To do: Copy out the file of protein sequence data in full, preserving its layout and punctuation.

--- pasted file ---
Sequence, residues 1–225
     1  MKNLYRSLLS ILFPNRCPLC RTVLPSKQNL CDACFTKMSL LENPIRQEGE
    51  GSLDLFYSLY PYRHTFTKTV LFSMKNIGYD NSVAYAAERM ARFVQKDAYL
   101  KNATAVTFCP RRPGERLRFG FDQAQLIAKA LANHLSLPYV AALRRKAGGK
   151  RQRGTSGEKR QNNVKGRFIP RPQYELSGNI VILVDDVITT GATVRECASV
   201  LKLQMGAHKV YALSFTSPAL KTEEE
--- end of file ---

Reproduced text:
Sequence, residues 1–225
     1  MKNLYRSLLS ILFPNRCPLC RTVLPSKQNL CDACFTKMSL LENPIRQEGE
    51  GSLDLFYSLY PYRHTFTKTV LFSMKNIGYD NSVAYAAERM ARFVQKDAYL
   101  KNATAVTFCP RRPGERLRFG FDQAQLIAKA LANHLSLPYV AALRRKAGGK
   151  RQRGTSGEKR QNNVKGRFIP RPQYELSGNI VILVDDVITT GATVRECASV
   201  LKLQMGAHKV YALSFTSPAL KTEEE